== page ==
- For a transcript and discussion of the 28 September phone call, see Newman, op. cit., pp.364–8.
- For Durán and Eusebio Azcue López, the consul, see Fonzi, op. cit., pp.289f, and HSCA Report, appendix vol.3, p.136.
- The impersonation was first documented in the HSCA’s López Report in 1978. The López Report was only made available to the public in 1993, and even then several passages were withheld. The censored material included “another section of this final report dealing with whether or not Lee Oswald was an agent or asset of the Central Intelligence Agency” (López Report, p.142). The Warren Report’s necessarily incomplete account of Oswald in Mexico City can be found on pp.658ff and pp.730ff.
- The telephone calls now survive only as transcripts. One call, in which an English–speaking man identifies himself as Lee Oswald, no longer exists even as a transcript; see Newman, op. cit., pp.369–75. Official sources claimed that all the recordings had been erased before the assassination, but documents released three decades later show that this was not the case. Some recordings existed at the Mexico City station shortly after the assassination, and copies had been sent to Washington as soon as they were made. An unpublished staff report of the Church Committee in 1976 quotes a cable sent by an FBI officer in Dallas three days after the assassination: “If tapes covering any contact subject [Oswald] with Soviet or Cuban embassies available forward to Bureau for laboratory examination. Include tapes previous reviewed Dallas if they were returned to you” (NARA RIF no. 157–10014–10168). At least one recording seems to have existed as late as April 1964, when it was listened to by two representatives of the Warren Commission. For the existence of the tapes, see ARRB, CIA Testimony, p.147 and Fonzi, op. cit., pp.286f.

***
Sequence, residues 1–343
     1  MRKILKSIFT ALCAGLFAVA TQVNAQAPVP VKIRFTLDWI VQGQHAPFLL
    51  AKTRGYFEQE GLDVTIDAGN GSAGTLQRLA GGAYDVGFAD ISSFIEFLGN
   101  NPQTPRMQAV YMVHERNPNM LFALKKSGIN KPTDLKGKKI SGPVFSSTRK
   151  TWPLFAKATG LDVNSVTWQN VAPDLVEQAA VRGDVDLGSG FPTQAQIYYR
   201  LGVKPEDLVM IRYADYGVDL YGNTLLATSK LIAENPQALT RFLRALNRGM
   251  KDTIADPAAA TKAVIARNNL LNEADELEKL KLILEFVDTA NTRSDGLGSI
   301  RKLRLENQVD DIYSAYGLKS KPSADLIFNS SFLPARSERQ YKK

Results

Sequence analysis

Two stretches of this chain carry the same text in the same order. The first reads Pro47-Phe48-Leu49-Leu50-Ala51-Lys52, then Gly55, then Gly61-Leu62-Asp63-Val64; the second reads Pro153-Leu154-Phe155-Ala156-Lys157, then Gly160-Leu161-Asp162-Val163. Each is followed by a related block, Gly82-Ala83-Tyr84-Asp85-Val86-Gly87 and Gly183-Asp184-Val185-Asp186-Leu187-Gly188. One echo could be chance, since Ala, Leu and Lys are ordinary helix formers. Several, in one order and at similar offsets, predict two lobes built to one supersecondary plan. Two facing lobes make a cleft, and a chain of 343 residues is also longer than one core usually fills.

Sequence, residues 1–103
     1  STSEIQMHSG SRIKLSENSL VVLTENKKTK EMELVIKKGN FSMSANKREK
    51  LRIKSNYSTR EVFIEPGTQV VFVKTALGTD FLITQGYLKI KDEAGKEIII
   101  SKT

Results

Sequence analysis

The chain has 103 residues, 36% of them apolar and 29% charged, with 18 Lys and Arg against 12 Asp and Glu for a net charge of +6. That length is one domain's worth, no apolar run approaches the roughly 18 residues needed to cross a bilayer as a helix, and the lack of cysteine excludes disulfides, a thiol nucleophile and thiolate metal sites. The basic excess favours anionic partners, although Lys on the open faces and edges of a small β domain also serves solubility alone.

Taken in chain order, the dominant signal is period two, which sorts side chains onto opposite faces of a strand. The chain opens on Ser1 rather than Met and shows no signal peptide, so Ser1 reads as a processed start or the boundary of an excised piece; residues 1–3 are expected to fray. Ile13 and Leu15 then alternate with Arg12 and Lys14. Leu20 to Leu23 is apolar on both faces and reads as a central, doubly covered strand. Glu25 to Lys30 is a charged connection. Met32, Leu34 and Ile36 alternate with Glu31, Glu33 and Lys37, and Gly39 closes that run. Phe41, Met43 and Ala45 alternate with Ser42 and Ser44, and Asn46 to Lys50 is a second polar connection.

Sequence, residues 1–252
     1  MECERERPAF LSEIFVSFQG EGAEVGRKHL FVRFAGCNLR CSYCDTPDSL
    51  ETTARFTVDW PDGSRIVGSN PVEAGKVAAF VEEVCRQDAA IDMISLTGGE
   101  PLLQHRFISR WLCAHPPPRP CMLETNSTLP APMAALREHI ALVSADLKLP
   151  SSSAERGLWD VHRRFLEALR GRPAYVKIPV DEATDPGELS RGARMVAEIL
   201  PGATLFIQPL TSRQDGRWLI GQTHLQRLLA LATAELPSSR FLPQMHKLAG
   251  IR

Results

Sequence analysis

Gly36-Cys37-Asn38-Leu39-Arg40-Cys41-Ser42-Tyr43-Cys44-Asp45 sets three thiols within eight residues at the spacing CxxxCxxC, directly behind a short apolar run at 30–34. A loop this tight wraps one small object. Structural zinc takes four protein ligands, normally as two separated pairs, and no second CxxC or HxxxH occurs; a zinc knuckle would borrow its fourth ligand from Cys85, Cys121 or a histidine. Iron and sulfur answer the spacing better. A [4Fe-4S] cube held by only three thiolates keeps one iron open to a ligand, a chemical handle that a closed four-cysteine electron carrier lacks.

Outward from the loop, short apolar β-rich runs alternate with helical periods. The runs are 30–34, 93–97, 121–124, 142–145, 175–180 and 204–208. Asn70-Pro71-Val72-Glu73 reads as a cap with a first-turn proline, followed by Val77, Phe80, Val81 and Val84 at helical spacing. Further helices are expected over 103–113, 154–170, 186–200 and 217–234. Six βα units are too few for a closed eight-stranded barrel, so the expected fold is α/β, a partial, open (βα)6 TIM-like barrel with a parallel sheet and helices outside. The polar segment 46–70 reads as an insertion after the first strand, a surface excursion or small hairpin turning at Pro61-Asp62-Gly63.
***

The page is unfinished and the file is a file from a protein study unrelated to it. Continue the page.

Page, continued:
- Hoover’s acknowledgement of the weakness of the case against Oswald: Johnson to Hoover, White House Telephone Transcripts, 23 November 1963, LBJ Library, Austin, Texas.
- The FBI report (Warren Commission Document 1) turned out to be extremely superficial; it spent only 200 words on the details of the assassination, and failed to mention all of the wounds. For the Warren Commission as a political tool and a public relations exercise, see Katzenbach’s memo to Moyers et al. and Alsop to Johnson, White House Telephone Transcripts, 25 November 1963, 10:40am, LBJ Library, Austin, Texas. For the workings of the Warren Commission, detailed criticism of the Warren Report’s case, and criticism of its media cheerleaders, see the sources mentioned in the Fiction, Propaganda and the Media section.
- In Johnson’s words, “Warren told me he wouldn’t do it under any circumstances … wouldn’t have anything to do with it … and I said let me read you one report … and I said OK … there’s a million Americans involved here … I just pulled out what Hoover told me about a little incident in Mexico City.… And he started crying and said, well I won’t turn you down … I’ll just do whatever you say”: Johnson to Russell, White House Telephone Transcripts, 29 November 1963, 8:55pm, LBJ Library, Austin, Texas.
- For the extent of the surveillance, see note 3 above. The López Report concluded that, contrary to early official claims, there was almost no chance that Oswald’s visits would have been missed by the cameras; see López Report, pp.91–3. The cameras were tested and were working correctly on 26 September, the day before Oswald arrived in Mexico City: ibid., p.18. Several CIA employees believed that photographs of Oswald existed: ibid., pp.94–106. The chairman of the HSCA, Louis Stokes, alleged in 1978 that the CIA was withholding photographs of Oswald: NARA RIF no. 180–10140–10175. Along with the recordings of the phone calls, the photographs of Oswald at the compounds no longer exist.
- The reply from CIA headquarters is available online at http://www.ourmaninmexico.com/documents_oswald.html. Despite sending this truthful description to Mexico City, CIA headquarters passed on the incorrect description to the FBI, the Navy, and the State Department; see Newman, op. cit., pp.398f.
- See Jefferson Morley, ‘What Jane Roman Said, part 3’ at history–matters.com. CIA headquarters obscured its “keen interest in Oswald” by withholding from the Mexico City station the fact that it was aware of the incriminating activities which Oswald had undertaken in New Orleans a few weeks before his trip to Mexico City. For more about Oswald’s apparent undercover work in New Orleans, see The Career of Lee Harvey Oswald.